THE team tasked with reviewing the North East economy has been told it must keep itself grounded in the workforce of the region.
Nick Clegg this week backed the creation of a commission set to spend six months looking at what is needed to revive the North East’s economy.
Former Transport Secretary Lord Adonis will lead the panel of highly respected business leaders and economists, including Northumbrian Water chief executive Heidi Mottram, Will Hutton, former editor-in-chief of the Observer, now chair of the Big Innovation Centre and principal of Hertford College, Oxford; Bridget Rosewell, economist and a former adviser to the Greater London Authority; and the Right Reverend Justin Welby, the Bishop of Durham.
But while the creation of the team has been widely welcomed, some have questioned why there is no voice for North East workers and small businesses.
Labour’s Blaydon MP Dave Anderson said the Deputy Prime Minister had managed to find “a role for an old Etonian, two peers of the realm and an economist” but not for union representatives.
He said: “This is genuinely good news, but what about the workers? Why is there no place for someone like Northern TUC head Kevin Rowan who has a real grasp and understanding of the North East economy and he also has credibility and respect from all sides.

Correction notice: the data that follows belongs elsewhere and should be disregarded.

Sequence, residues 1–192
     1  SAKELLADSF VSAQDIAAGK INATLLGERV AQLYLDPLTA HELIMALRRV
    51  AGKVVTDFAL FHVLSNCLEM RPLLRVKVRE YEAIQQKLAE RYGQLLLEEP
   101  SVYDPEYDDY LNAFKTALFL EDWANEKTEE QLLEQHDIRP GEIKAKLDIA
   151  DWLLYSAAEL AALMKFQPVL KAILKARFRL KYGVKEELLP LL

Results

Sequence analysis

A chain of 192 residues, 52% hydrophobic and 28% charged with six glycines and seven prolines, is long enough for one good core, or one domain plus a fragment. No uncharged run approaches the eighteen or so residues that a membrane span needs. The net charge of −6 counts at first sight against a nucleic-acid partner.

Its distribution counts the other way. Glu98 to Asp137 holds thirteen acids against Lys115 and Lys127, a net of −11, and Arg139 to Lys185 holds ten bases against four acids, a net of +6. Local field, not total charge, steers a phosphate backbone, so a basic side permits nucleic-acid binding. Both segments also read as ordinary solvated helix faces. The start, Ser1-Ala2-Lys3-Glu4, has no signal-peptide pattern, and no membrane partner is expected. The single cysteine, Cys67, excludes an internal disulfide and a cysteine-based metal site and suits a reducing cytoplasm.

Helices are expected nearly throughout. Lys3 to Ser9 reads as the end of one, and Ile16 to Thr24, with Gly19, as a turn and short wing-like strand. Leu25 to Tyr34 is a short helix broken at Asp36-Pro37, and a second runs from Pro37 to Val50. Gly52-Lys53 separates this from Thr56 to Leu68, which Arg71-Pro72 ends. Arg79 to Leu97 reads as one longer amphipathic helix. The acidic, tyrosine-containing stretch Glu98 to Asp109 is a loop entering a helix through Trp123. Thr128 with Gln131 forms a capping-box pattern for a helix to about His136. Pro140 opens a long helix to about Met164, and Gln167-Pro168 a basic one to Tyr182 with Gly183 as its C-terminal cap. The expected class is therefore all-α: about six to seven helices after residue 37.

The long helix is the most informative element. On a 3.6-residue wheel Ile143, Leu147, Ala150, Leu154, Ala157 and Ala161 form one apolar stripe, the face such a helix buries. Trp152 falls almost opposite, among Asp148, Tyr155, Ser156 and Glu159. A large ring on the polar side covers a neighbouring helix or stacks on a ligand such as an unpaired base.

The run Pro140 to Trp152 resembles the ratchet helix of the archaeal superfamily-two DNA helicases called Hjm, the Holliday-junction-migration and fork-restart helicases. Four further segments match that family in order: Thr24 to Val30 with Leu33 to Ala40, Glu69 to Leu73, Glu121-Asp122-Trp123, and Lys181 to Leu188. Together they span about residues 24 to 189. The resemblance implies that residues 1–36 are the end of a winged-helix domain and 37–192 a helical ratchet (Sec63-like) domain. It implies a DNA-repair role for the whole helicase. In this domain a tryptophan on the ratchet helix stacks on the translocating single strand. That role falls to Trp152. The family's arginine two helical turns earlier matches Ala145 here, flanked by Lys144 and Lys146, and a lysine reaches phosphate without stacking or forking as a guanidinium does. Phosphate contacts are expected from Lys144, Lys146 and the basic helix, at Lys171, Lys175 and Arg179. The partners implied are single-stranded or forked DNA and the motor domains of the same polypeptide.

“Where is the nurse, the car worker or the cleaner? Where is the person just made redundant or the young people facing up to the challenges of a world that those who went before them messed up?
“It seems as always in this nation that those perceived as the great and good will know best and those who actually deliver for this nation will be given warm words and a pat on the head.”
Mr Rowan told The Journal he wanted to see the commission succeed.
He said: “The establishing of a commission reflects the growing realisation that the Government’s economic strategy over the first two years has let the North East down and is failing to realise our region’s potential.
“It is important that the commission casts its net wide enough to hear the concerns, ambitions and aspirations of all aspects of the North East community.”
The commission will report back to the North East Local Enterprise Partnership, a Government-backed group made up of council and business leaders.
Jeremy Middleton, whose firms provides business investment and support, is one of the partnership members welcoming the review.
He said: “The review has the authority to identify how we shift from an economy dependent on the public sector to one driven and dominated by the private sector.
“The North East needs big ideas to enhance its economic wellbeing and we must use this review as a platform to secure support to turn its recommendations into reality.”
Also lending support was North East Chamber of Commerce chief executive James Ramsbotham. “The global economy has changed radically over the past four years to an extent that could never have been predicted,” he said.
“The region needs an economic blueprint that reflects these changing times and not only builds on our strengths, but helps develop areas of our economy that could be performing better.”